JOANNA Cherry has revealed her upset at hearing fellow SNP MPs giving their support to a colleague guilty of sexual misconduct while the abuse she suffered was ignored. 

To audible gasps, she told an Edinburgh Fringe event neither Nicola Sturgeon or SNP Westminster leader Ian Blackford gave her any support after she received rape threats.

There had been “no support whatsoever” from the party leadership, she said, suggesting it was because people were “afraid” to be seen defending her because of her gender critical views.

She is opposed to Scottish Government plans to let people self-identify as the opposite sex for most legal purposes without any "gatekeeping", fearing this could put women at risk.

In June, the Glasgow North MP Patrick Grady, a former SNP chief whip, was found guilty of sexual misconduct by a Westminster watchdog, which found he had made unwanted advances to a young male staffer while drunk in a pub in 2016.

Despite Mr Blackford previously boasting of his party’s zero tolerance approach to harassment, a leaked recording of the weekly meeting of SNP MPs revealed he had urged other MPs to give Mr Grady their support and they responded with cries of “hear, hear”.

It led to calls for Mr Blackford’s resignation, while Nicola Sturgeon called the contents of the recording “utterly unacceptable” and offered to meet Mr Grady’s victim.

Mr Grady now sits as an Independent MP.

Speaking to comedian Matt Forde for a recording of The Political Party podcast at Gilded Balloon Teviot, Ms Cherry was asked about the contrast between her cold-shoulder treatment and the warm support shown to Mr Grady in the leaking recording.

She said she hadn’t been at the meeting, but had heard the tape.

She said: “Personally, I was very upset. I thought it was interesting to hear exhortations of support for a colleague that had been found guilty of sexual harassment and no exhortations of support for a female colleague who had been threatened with rape by a party member.

“I did take it rather personally. I thought it was most unfortunate.”

Ms Cherry, a lesbian, also spoke of being abused online for her gender critical beliefs.

She said she believed she was now “in the fight of my life, to defend women’s rights, and also to defend the right of lesbians like me to be same sex attracted, and also gay men to be same sex attracted.”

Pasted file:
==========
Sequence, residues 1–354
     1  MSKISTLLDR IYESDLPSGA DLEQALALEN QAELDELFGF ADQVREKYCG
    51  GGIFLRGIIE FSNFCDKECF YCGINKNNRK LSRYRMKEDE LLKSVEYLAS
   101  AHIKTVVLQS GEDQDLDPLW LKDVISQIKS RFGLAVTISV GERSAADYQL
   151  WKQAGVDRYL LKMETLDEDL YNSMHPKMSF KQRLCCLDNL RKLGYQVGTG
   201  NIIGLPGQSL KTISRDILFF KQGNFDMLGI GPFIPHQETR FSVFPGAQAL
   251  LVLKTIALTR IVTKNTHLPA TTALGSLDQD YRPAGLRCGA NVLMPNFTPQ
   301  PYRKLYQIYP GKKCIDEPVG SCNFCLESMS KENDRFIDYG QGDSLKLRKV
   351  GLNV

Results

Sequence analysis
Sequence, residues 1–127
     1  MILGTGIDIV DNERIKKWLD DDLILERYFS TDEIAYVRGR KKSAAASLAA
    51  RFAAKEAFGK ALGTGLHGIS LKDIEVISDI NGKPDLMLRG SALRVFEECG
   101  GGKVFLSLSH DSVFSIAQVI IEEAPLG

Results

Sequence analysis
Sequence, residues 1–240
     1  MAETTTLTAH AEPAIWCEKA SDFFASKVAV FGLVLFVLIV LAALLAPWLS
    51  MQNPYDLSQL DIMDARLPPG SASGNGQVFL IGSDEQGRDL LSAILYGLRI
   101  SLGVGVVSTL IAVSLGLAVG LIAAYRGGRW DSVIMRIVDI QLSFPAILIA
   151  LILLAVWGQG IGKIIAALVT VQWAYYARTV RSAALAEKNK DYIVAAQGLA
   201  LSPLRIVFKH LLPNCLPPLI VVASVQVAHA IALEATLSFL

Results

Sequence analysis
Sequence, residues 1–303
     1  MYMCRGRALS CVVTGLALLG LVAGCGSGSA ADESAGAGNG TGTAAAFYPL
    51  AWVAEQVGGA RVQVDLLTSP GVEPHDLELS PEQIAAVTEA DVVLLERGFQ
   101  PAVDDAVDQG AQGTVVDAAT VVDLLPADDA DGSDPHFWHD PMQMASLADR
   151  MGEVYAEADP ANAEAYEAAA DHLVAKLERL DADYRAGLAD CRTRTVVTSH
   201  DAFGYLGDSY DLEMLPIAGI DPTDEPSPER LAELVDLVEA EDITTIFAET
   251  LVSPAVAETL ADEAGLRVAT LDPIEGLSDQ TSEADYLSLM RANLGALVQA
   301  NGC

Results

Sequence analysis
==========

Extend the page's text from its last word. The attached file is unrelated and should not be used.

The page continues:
She said she was sacked form the SNP front bench last year “because I have dared to stick up for women’s rights and lesbian rights”.

That same night, “I received a series of very threatening messages from someone who turned out to be a party member threatening to rape me and that was really upsetting for me and my then girlfriend, it was very difficult to deal with.

“And the lack of support from my colleagues was very difficult to deal with.” 

However she also said there had been a positive spin-off, in that she had been able to spend more time on constituency work and could speak her mind freely.

Asked if Ms Sturgeon or Mr Blackford had reached out to her to offer support, the Edinburgh South West MP said: “No, never. I'm sorry to have to say that, but I'm going to have to answer your question honestly. No, they haven't.”

Asked why she thought that was the case, she said: “I don't know. You'd have to ask them. 

“As a result of the no-debate culture, we have created an area in our political discourse, where it's all right for women to be threatened, have death threats and rape threats, and people won’t defend them. 

“Perhaps because, as I said earlier, people are afraid that if they defended me or supported me, they themselves will be accused of being transphobic. Although I hasten to add, I'm not transphobic and it'd be a bit surprising if I was given my history.

“And so I can't really answer that question, but it's evident there's been no public support and there's been no support behind the scenes. 

“There has been support from many members of the party, and many other parliamentarians. 

“But there's been no support whatsoever from the [SNP] leadership and I don't understand why. You would have to ask them. As I say, I think maybe they are afraid that if they were seen to be supporting me they would be tarred with the same brush and it's just a very unfortunate state of affairs that we have gotten ourselves into.

“But privately from colleagues I have a lot of support. 

“I think a minority of people, probably what they most wanted me to do, was to leave the SNP. But I have no intention of leaving the SNP. 

“From my childhood, I went to meetings of the party with my dad. 

“I gave up quite a successful career to be an SNP MP and I like to think I've put a lot of time and effort into it. And you know, politics is a long game. I think this era will pass. 

“I think the era of no-debate is passing.”